Q&A: Prashant Kumar – ‘We are Looking at a New Generation of Conscious Customers’

Prashant is the founder of Entropia and the author of “Made in Future: A Story of Marketing, Media, and Content for our Times”.

Branding in Asia recently caught up for a conversation with Prashant Kumar, founder of new-age data-driven marketing consultancy, Entropia, which is part of Accenture Song.

Based in Kuala Lumpur he is also the author of  “Made in Future: A Story of Marketing, Media, and Content for our Times”. The book, which was released earlier this year, was written for marketers, media owners, agencies, and content creators who “tend to struggle with the new realities of marketing.”

Over the course of our conversation, Prashant talks about the book, the need to reconceive marketing, his work building “a true consulgency”, how academia is adapting to the changing times, sustainability, and more.


 

What’s been keeping you busy lately?

Web3. Sustainability. Consulgency. 

When I founded Entropia in 2016, the idea was to build a true consulgency – a hybrid organism that marries the best of what agencies do with all their right brain faculties – with what consultancies do in the customer-demand ecosystem with their data and tech depth. Our rapid growth was a great validation of that vision, but now as a part of Accenture, that idea is taking a whole new level of depth and breadth, That’s really exciting.

Also, we are building exciting capabilities in the Web3 space and doing a slew of path-breaking projects, which is tremendous learning for us, and the joy of discovering the day after. With each project, we nudge our boundaries.

The third one is sustainability. In Indian philosophy, they talk about three debts that we all owe. Debt to the forefathers (Pitri rinn), debt to the scholars and scientists (rishi rinn), and debt to nature (deva rinn).


 

The last one dials up a fundamental truth that we are all woven in an interconnected web with nature. Businesses need to price in the sustainability deficit they incur, and evolve to minimize it.

Your book talks about how the game has changed but some of the world’s largest organizations are still playing by the rules of the 1990s. Tell us more about that and where you see them failing to adapt.

There is a big chasm in the marketing world between where strategy happens and what seems to work in the marketplace. And this is because with the disruption brought about by data and tech in the last twenty years, we have been mostly band-aiding the old ways to solve problems of the future.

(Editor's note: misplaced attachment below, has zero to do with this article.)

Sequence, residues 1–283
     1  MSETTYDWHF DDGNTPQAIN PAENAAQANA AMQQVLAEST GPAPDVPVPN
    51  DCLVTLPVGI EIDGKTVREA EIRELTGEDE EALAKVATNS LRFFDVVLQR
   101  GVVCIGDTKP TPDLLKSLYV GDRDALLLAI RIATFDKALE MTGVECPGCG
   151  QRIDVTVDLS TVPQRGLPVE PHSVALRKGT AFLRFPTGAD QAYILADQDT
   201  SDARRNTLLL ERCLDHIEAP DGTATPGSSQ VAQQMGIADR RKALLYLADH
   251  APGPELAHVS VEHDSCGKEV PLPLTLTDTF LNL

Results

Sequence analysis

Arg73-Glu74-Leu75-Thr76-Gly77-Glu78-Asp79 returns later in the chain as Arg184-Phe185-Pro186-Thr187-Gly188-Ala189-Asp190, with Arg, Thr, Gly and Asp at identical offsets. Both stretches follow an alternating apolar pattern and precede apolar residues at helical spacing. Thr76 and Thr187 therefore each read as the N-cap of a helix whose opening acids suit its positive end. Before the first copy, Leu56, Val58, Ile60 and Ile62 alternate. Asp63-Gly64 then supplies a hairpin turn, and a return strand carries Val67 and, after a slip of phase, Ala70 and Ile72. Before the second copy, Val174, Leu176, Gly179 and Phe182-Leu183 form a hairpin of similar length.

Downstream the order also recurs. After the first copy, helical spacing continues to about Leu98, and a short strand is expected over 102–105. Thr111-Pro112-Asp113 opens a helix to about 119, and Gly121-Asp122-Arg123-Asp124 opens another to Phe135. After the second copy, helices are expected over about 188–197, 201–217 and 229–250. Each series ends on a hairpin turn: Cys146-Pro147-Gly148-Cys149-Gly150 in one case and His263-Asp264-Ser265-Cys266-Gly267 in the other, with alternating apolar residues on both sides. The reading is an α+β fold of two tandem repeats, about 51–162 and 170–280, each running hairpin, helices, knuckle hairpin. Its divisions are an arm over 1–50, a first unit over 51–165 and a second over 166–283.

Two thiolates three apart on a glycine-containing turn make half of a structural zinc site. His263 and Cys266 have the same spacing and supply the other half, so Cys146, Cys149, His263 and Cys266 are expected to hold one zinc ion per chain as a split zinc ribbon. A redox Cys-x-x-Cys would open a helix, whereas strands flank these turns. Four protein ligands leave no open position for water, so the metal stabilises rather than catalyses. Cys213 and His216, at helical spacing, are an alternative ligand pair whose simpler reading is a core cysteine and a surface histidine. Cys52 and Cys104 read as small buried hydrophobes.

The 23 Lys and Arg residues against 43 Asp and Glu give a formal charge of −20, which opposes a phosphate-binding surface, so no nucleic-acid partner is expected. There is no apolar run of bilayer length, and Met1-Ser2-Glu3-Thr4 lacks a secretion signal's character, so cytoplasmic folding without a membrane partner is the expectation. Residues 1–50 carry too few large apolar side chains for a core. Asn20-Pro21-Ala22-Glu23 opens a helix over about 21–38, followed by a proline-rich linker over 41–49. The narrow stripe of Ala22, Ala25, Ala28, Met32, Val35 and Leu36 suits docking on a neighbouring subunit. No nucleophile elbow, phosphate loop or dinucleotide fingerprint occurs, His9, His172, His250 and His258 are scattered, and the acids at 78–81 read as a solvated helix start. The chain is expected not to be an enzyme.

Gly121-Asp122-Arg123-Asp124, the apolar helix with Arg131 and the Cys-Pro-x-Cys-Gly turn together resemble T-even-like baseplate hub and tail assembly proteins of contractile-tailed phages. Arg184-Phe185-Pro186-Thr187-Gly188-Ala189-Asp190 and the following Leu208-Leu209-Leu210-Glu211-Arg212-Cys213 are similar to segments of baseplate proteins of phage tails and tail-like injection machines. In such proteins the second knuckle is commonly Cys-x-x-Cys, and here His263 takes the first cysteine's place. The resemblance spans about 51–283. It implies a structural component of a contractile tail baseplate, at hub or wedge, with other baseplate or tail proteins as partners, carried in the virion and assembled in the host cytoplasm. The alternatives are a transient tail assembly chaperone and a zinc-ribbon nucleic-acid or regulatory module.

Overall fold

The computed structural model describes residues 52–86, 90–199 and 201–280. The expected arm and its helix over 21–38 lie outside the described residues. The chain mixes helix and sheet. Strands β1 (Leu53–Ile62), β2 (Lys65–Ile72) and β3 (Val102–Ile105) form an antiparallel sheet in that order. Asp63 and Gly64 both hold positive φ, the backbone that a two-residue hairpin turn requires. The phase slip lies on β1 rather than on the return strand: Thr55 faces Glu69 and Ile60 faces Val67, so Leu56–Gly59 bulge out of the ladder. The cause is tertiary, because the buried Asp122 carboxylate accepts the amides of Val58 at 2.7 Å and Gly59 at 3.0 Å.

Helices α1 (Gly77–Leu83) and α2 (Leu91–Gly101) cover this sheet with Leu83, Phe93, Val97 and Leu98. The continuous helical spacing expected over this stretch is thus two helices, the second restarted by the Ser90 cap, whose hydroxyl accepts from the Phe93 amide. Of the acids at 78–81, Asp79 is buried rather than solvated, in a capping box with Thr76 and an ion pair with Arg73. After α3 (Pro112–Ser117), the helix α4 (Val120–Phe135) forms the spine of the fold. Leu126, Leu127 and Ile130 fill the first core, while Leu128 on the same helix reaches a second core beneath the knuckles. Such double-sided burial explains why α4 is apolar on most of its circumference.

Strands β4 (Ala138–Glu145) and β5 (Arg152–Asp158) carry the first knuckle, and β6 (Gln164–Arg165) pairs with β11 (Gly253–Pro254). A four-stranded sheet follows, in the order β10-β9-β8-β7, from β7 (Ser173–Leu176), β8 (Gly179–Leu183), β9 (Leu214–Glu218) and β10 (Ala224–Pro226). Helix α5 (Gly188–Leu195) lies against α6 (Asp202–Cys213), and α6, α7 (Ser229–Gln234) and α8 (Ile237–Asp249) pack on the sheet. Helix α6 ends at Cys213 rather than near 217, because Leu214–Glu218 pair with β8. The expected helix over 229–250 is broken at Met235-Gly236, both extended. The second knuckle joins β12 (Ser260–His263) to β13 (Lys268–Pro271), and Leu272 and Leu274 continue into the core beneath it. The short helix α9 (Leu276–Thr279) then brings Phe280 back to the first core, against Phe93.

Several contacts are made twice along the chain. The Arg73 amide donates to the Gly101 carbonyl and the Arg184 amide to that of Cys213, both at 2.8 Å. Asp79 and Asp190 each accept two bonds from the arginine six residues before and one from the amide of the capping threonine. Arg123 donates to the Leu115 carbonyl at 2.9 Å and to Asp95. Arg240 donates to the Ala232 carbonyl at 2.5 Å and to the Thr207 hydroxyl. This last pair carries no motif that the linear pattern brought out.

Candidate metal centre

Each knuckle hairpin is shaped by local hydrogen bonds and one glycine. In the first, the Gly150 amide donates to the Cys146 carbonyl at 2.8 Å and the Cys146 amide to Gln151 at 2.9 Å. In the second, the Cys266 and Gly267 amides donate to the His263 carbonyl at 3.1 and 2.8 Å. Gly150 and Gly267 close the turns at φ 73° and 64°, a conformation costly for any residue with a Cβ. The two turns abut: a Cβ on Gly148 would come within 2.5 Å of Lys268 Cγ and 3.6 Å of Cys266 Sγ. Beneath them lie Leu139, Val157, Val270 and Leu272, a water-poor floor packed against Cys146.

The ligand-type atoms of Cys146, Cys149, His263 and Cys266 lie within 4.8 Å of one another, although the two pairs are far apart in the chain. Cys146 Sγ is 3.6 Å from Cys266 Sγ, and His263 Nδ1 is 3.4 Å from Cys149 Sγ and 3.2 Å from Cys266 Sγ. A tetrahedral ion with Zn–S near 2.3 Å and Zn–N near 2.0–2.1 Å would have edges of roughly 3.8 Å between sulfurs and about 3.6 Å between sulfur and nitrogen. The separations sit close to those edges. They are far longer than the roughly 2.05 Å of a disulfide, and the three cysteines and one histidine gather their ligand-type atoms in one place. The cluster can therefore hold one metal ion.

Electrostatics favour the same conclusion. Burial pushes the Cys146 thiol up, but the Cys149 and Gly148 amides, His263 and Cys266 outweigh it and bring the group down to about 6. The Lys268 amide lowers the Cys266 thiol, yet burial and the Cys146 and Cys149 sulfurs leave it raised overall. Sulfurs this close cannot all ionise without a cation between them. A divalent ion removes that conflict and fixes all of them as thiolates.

We need to re-conceive marketing from a white sheet. The book is an effort towards that, and actually leads people chapter by chapter through a typical marketing process. In the course, it challenges a lot of the holy cows of the traditional marketing beliefs, and offers practical yet conceptually whole alternatives.

You talk about how many are applying Band-Aids on a broken model. What are some of the “Band-Aids” you’ve seen that are problematic?

For example, CMOs and CTOs in most companies continue to work in silos. Marketing processes are not designed for a fail-fast culture, that a silicon valley disruptor would enter a category with, or are inadequate to manage the risks that rapidly evolving channel and media opportunities bring.

“There is a big chasm in the marketing world between where strategy happens and what seems to work in the marketplace. And this is because with the disruption brought about by data and tech in the last twenty years, we have been mostly band-aiding the old ways to solve problems of the future.”

In many contexts, the lines between marketing and selling needs to blur to build an end-to-end discipline of ‘Marselling’ as media and shopping are so often now just a click apart from each other.

Anticipating competitive threats in the light of Porter’s five forces model has become highly limiting, as value levers of entire industries shift overnight (there is no way the taxi industry would have imagined the threat to come from an app that way). The book is full of myriad such perspectives.